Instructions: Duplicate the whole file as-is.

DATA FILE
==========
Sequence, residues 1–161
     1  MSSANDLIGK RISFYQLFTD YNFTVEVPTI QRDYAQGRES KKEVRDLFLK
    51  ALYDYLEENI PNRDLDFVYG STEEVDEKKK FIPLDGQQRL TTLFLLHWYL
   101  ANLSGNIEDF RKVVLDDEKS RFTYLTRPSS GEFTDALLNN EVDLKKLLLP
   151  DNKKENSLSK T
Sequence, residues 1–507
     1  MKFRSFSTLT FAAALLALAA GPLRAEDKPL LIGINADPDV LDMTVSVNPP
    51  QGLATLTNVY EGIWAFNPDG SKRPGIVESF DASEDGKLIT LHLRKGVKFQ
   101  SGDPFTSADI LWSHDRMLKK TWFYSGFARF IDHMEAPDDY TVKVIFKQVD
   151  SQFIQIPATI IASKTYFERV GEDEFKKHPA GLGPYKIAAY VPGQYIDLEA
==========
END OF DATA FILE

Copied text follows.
Sequence, residues 1–161
     1  MSSANDLIGK RISFYQLFTD YNFTVEVPTI QRDYAQGRES KKEVRDLFLK
    51  ALYDYLEENI PNRDLDFVYG STEEVDEKKK FIPLDGQQRL TTLFLLHWYL
   101  ANLSGNIEDF RKVVLDDEKS RFTYLTRPSS GEFTDALLNN EVDLKKLLLP
   151  DNKKENSLSK T
Sequence, residues 1–507
     1  MKFRSFSTLT FAAALLALAA GPLRAEDKPL LIGINADPDV LDMTVSVNPP
    51  QGLATLTNVY EGIWAFNPDG SKRPGIVESF DASEDGKLIT LHLRKGVKFQ
   101  SGDPFTSADI LWSHDRMLKK TWFYSGFARF IDHMEAPDDY TVKVIFKQVD
   151  SQFIQIPATI IASKTYFERV GEDEFKKHPA GLGPYKIAAY VPGQYIDLEA